Symbiotic interactions among microorganisms are abundant in nature. The unusual combination of genetic, biochemical and chemical techniques required to study these interactions has hampered their detailed analysis, and therefore most remain poorly-examined. One of the most abundant and environmentally important symbioses occurs in the oceans between microscopic alga, like Emiliania huxleyi, and bacteria of the roseobacter clade, such as Phaeobacter gallaeciensis. E. huxleyi occupies all sun-lit ocean layers and plays an important role in global oxygen and carbon cycles. It forms massive seasonal blooms, where it intermittently associates with members of the roseobacter clade. Roseobacter are ubiquitous in coastal areas and play a major role in global sulfur cycles. While roseobacter-algal symbioses drive numerous biogeochemical processes, the molecular principles underlying these interactions remain unknown. Our preliminary results have shown that P. gallaeciensis, depending on circumstances, produces a potent, novel metabolite that kills E. huxleyi. The proposed research plan aims to 1) discover global regulators and small molecule signals that mediate or modulate roseobacter-algal interactions, 2) use NMR-based methods to characterize the structures of secondary metabolites produced by roseobacter in response to algal signals, and use bioassays to determine their functions, 3) delineate the biosynthetic pathway of these metabolites by transposon mutagenesis, gene deletions, and enzymatic studies, and 4) uncover how metabolite production is regulated using a combination of genetic and biochemical approaches. Subsequently, these studies will be extended to other roseobacter to examine the generality of the principles uncovered with E. huxleyi and P. gallaeciensis. This research plan will generate the tools needed to characterize many similar environmentally important interactions. Because symbioses contain a poorly-explored reservoir of metabolites with potential pharmaceutical and/or agricultural applications, this proposal could also identify novel and useful molecules. Harvard Medical School offers an intellectual niche and an established research program in this area or work. It consists of leaders in the fields of natural products chemistry and bacterial genetics who will serve as my mentors in the proposed project. Having obtained my PhD in mechanistic enzymology, my short-term goals are to acquire the skills necessary to examine the various aspects of microbial symbioses. In the mentored phase, I will be trained in bacterial genetics, small molecule characterization and relevant bioassays. During this time, I will also attend an advanced bacterial genetics course and other workshops/conferences to learn the scientific techniques and management skills required to be a successful PI. In the independent phase, these methods will be used to uncover the regulation of metabolite production and to examine the biosynthetic enzymes. In the long-term, I plan to lead a multidisciplinary research program in an academic institution to study the underlying chemistry, enzymology and biology of environmentally important symbioses.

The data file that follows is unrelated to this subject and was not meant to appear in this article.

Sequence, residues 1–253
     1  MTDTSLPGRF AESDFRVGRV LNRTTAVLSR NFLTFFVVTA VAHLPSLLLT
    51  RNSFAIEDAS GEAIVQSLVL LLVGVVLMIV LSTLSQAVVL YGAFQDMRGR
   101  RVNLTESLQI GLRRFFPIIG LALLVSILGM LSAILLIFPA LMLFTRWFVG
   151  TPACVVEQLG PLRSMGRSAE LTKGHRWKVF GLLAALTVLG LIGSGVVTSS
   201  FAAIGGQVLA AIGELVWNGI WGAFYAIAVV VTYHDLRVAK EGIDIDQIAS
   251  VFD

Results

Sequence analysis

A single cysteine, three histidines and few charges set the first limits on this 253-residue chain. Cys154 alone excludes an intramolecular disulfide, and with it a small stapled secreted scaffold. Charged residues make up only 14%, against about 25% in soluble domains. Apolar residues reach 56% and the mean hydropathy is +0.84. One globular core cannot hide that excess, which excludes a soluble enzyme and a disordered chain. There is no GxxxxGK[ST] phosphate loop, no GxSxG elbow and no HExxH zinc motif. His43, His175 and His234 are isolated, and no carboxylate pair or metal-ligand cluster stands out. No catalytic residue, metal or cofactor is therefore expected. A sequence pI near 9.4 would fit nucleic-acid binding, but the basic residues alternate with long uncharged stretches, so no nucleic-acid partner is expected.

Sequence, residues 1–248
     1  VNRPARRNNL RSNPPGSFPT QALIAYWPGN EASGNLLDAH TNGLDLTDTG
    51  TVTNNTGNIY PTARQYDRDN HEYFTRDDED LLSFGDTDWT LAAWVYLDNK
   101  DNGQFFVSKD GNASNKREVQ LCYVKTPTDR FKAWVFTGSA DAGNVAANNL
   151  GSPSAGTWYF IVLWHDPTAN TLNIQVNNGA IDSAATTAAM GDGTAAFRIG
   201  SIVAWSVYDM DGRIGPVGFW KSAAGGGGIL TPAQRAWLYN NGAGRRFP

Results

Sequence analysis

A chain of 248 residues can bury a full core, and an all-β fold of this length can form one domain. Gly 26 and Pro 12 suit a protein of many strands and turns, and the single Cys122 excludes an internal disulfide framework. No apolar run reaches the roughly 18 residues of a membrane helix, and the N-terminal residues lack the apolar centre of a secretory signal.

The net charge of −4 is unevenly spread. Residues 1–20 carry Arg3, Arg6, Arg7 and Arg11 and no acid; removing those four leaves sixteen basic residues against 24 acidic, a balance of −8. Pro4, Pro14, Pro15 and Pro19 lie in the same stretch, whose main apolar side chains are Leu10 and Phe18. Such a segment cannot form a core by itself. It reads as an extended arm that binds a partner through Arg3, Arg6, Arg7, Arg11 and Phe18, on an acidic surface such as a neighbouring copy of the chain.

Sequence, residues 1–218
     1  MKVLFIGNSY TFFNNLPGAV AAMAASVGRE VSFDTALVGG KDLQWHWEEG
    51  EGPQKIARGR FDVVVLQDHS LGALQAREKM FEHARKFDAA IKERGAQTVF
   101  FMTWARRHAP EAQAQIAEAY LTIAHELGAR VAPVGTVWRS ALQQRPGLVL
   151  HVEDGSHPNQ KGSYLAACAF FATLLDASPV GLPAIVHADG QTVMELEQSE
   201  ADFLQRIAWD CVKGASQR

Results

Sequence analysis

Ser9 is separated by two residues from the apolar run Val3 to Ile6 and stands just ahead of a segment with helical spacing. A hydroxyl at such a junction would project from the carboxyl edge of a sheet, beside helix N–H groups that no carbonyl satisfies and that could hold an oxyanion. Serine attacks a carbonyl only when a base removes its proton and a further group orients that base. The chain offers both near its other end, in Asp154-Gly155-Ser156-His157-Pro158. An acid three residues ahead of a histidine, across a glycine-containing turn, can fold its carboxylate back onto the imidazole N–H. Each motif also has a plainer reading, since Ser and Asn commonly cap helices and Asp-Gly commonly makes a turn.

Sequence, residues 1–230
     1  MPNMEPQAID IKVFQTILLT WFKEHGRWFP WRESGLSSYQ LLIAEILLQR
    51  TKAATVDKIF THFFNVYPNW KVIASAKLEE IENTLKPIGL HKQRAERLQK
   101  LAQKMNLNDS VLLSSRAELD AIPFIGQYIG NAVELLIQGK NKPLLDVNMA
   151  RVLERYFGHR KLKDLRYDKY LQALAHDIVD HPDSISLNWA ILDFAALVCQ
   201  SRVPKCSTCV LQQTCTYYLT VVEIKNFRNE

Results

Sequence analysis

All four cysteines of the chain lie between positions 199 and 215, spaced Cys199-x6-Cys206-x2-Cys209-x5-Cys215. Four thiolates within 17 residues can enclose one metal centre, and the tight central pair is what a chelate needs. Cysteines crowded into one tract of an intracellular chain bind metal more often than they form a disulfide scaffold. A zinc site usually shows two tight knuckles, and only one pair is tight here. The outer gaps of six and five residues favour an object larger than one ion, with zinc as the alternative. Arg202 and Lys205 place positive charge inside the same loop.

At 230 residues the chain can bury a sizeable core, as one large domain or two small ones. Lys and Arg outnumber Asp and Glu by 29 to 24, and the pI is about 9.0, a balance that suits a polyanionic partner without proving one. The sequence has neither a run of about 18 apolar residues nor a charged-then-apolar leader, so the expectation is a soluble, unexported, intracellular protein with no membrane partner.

A majority of today's pharmaceutical drugs were isolated from natural sources, such as plants and bacteria. To address the need to discover new molecules with improved properties, we will explore the compounds produced by ocean bacteria in response to the algae they interact with, and we will also address the chemical and biological mechanisms through which this interaction occurs. The studies will reveal the general principles governing these unexplored bacterial-algal symbioses and will hopefully yield novel compounds with pharmaceutical value.
|Seyedsayamdost, Mohammad R; Clardy, Jon (2014) Natural products and synthetic biology. ACS Synth Biol 3:745-7|